I suspect that Ferber also relishes the quality she achieves through her small-scale production and the satisfaction that comes from having contributed to the making of each batch of jam herself.
When I visited, Ferber had been making Blood orange marmalade – oranges sanguine in French. I an very fond of Blood Oranges and I was introduced to them as a child in Sicily. They are called arance sanguine in Italian. In Sicily, they are cultivated extensively in the eastern part of the island.
Marmelade d’oranges sanguines – Blood orange marmalade, 220 g ( See recipe below)
Description:The blood orange marmalade is very balanced and less bitter than traditional marmalade. Ingredients: Blood oranges, sugar, apple pectin, lemon juice. Origin: Alsace, France Brand:Christine Ferber Producer: Christine Ferber and her team prepare these wonderful jams in Niedermorschwihr, a small village nestled in the heart of vines. Not more than four kilograms of fruits are processed in copper pots for jams that have convinced the greatest chefs.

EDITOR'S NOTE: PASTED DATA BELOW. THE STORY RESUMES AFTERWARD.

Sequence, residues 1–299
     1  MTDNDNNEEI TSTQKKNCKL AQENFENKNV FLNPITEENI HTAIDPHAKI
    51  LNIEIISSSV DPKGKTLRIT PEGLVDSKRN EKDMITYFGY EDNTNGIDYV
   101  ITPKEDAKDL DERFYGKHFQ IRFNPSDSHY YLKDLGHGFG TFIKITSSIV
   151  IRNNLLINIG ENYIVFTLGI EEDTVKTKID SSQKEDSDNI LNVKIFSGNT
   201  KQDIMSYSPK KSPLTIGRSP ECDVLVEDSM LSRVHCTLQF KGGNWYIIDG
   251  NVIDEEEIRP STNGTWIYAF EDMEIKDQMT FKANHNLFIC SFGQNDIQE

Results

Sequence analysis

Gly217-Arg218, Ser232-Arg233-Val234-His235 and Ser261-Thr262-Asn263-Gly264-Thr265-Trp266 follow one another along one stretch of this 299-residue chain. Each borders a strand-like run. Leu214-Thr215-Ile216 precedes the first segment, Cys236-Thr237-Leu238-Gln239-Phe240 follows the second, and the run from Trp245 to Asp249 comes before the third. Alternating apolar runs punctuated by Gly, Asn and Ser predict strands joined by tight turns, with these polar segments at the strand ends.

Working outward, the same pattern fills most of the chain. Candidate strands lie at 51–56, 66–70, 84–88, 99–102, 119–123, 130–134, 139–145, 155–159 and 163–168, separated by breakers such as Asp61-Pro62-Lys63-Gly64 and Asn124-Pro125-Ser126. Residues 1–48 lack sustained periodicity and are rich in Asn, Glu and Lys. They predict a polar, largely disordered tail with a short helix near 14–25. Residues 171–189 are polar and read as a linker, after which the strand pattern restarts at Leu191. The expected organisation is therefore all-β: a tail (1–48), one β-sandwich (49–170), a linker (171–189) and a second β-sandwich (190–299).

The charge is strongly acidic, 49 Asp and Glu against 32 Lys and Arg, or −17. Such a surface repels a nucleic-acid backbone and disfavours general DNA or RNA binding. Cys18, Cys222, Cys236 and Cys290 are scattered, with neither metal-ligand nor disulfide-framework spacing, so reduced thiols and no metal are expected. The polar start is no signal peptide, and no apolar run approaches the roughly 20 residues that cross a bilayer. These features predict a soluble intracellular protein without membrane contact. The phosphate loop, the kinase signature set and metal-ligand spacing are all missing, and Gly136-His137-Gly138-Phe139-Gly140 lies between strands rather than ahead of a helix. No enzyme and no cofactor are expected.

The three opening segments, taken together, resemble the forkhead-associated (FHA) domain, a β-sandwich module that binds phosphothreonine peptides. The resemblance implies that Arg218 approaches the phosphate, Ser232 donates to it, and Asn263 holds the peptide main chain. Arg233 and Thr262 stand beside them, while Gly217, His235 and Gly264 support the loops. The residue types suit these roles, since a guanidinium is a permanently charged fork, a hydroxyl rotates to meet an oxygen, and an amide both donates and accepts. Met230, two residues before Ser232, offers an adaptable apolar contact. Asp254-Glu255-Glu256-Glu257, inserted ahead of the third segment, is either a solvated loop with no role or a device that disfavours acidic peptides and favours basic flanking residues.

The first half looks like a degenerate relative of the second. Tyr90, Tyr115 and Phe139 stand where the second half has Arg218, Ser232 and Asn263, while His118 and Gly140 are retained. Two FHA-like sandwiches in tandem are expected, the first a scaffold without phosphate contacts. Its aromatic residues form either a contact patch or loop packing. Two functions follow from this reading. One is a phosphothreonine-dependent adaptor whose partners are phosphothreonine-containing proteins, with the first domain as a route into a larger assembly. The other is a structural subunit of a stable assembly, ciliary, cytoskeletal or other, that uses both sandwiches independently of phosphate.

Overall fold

Blood Orange from Mes Confitures: The Jams and Jellies of Christine Ferber
About 2 3/4 pounds (1.2 kg) blood oranges, or 2 cups 1 ounce (500g/50cl) juice
1 3/4 pounds (750g) Granny Smith apples
4 2/3 cup (1 kg) sugar plus 1 cup (200 g)
3 cups 2 ounces (750 g/75 cl) water plus 7 ounces (200 g/20 cl)
Juice of 1 small lemon
Rinse the apples in cold water. Remove the stems and cut them into quarters without peeling them. Put them in a preserving pan and cover with 3 cups 2 ounces (75 g/75 cl) water.
Bring the apple mixture to a boil and simmer for 30 minutes on low heat. The apples will be soft.
Collect the juice by pouring the preparation into a chinois sieve, pressing lightly on the fruit with the back of the skimmer. Filter the juice a second time by pouring it through cheesecloth previously wet and wrung out, letting the juice run freely. It is best to leave the juice overnight refrigerated.